From the foundation of the Orange Institution in 1795 to the early part of the twentieth century Dublin City and County was an important Protestant and Orange centre in Ireland. Dublin was the political capital of Ireland until the Act of Union in 1801, which closed the Irish Parliament and united it with Westminster. However Dublin remained the administrative capital of Ireland until partition in 1921.
The first Grand Lodge of Ireland meeting was held in Dublin. The first Minute Book of the Grand Lodge reads as follows:- “That it is advisable that this first meeting of the Grand Lodge of Ireland should be on Monday the 9th Day of April at the House of Thomas Verner of Dawson Street Esq. Grand Master of the Counties of Londonderry, Tyrone and Fermanagh.” The Dawson Street home was the town house of James Verner M.P. (A Member of the Irish Parliament), and father of Thomas Verner J.P. A Plaque in the footpath, erected by Dublin Corporation, now marks the place where the Verner house once stood. Dublin was therefore, as the administrative Capital of the Island, the natural headquarters for the Orange Institution and remained such until the Headquarters Buildings, the Fowler Memorial Hall in Rutland Square, was severely damaged in the Civil War. The Headquarters, situated in what is now Parnell Square, at the top of O’Connell Street, had been seized by the IRA, and in conjunction with the Rotunda, used as their headquarters.
Following its evacuation by the IRA all the books and documents which had survived the siege were removed to Belfast where they were safely stored. The last public parade in Dublin was in 1936, when the Brethren were attacked as they walked from the Fowler Hall to Amiens St Station to travel by train to Belfast, for the annual 12th of July celebrations. From the beginning of the Institution Dublin was an important centre. Prior to becoming the first Grand Master, Thomas Verner (1774-1853), founded the first Orange Lodge in the City of Dublin (LOL 176) on 4th June 1797. Early meetings of the Lodge were held in Harrington’s Hotel in Grafton Street. The membership of LOL 176, which totalled over three hundred, included some of the most distinguished men in Ireland at that time. Throughout the nineteenth century Dublin City and Dublin County hosted a large number of Lodges. These Lodges were to be found in areas such a Rathmines, South Circular Road, North Strand and Kingstown, (now Dn Laoghaire). After the First World War the Orange Order in Dublin started its decline. This was mainly due to losses in the Great War, emigration and the political system which existed at that time. Pride of place in the Orange Hall in Dublin is a roll of Honour of all the Dublin Lodges which existed then and a list of names of all who served and who were lost in that Great War. The decline continued and the last remaining Lodge serving all Orange brethren in Dublin is King William III Prince of Orange LOL 1313 (founded in 1949) in the District of Dublin and Wicklow.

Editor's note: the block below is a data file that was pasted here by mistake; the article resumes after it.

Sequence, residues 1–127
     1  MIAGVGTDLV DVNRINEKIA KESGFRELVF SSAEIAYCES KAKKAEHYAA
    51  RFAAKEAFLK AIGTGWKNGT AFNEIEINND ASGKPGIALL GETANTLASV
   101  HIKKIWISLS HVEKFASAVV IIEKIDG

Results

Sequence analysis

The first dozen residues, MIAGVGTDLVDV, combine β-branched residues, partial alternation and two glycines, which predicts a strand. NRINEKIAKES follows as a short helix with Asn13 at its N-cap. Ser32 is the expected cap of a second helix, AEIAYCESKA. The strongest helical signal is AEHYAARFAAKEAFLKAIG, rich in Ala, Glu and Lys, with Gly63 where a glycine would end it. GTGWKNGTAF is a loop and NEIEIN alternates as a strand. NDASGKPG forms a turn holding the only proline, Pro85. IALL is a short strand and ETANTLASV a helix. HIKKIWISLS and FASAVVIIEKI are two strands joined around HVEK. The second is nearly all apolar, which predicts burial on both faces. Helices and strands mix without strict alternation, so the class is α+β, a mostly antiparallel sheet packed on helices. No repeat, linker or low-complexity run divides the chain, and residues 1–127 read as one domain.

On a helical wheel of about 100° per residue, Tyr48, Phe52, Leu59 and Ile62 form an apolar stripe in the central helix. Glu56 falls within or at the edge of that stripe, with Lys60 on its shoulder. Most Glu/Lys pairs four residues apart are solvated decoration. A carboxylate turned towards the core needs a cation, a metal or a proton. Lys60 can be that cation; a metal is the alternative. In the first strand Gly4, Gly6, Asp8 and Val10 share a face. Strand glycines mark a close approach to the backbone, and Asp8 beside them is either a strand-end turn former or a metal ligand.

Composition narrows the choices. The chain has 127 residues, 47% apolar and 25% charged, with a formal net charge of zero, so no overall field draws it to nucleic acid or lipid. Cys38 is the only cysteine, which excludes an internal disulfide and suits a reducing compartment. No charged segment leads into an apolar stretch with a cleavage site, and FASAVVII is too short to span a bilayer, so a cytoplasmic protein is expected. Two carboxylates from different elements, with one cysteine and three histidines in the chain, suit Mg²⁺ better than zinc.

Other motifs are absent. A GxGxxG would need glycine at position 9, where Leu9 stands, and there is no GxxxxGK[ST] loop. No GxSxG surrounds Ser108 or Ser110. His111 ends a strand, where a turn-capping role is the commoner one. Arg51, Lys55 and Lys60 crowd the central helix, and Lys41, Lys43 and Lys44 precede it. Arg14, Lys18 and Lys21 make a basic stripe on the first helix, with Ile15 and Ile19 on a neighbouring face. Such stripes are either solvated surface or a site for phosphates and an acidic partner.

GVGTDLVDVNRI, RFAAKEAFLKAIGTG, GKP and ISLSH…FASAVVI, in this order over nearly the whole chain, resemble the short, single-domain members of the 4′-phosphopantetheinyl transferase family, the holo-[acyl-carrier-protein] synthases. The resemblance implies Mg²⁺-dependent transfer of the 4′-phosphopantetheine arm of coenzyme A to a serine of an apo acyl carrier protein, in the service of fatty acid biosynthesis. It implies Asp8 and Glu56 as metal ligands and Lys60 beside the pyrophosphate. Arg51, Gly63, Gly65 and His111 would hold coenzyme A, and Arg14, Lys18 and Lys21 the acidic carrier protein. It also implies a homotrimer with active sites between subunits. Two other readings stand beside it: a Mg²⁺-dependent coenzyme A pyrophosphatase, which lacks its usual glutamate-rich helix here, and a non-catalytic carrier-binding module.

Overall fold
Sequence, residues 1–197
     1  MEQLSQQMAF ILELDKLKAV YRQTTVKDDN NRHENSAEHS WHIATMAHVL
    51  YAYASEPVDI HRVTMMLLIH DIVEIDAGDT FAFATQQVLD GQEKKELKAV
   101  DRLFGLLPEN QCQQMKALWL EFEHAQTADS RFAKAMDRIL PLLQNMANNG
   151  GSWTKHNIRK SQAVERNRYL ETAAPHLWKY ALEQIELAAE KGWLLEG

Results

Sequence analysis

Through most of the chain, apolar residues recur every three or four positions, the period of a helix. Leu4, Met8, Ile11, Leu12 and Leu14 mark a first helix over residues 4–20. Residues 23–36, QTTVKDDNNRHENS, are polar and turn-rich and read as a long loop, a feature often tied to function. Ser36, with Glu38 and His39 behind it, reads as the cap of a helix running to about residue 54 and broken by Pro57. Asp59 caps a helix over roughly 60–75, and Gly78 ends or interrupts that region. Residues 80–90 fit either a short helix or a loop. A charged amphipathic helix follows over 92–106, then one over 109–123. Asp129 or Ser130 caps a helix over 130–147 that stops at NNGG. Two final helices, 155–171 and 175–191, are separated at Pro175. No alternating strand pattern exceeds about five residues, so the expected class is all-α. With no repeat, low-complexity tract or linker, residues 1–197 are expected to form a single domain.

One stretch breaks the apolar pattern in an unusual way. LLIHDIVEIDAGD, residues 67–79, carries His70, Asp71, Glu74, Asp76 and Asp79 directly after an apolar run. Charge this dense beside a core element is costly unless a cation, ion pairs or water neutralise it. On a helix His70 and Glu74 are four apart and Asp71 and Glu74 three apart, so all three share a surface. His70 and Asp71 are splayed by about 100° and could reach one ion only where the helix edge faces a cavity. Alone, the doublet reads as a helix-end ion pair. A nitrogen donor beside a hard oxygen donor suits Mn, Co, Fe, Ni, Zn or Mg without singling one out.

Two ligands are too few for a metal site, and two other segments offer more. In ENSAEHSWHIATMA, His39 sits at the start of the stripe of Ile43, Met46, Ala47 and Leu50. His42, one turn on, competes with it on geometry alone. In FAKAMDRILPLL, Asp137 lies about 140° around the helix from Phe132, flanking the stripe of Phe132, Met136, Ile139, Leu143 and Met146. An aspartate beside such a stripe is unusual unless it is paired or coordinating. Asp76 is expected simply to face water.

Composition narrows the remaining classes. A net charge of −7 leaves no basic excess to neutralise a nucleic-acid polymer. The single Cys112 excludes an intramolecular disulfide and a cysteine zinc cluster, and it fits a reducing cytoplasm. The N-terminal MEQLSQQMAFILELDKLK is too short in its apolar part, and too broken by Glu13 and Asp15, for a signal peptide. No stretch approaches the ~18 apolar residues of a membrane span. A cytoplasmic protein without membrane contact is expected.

In recent years the lodge has been stabilised and new younger members are coming forward for membership. LOL 1313 is now an active and vibrant lodge well adapted for the changing society here in Dublin as we progress into the twenty-first century. The Lodge has members not only drawn from Dublin but from Wicklow, Cork and Limerick as well as affiliate members from Northern Ireland who wish to support the Orange cause in Dublin and Southern Ireland. Due to the ever improving rail and road network in the State membership of the Institution is no longer restricted to people who happen to live near an Orange Hall.
With modern technology, communication between the lodge and its members has never been better. King William LOL 1313 is always looking for new members. Members who are active in their respective Churches, communities and who are proud of their Protestant religion, culture and heritage. If you think you have something to offer we would be glad to hear from you.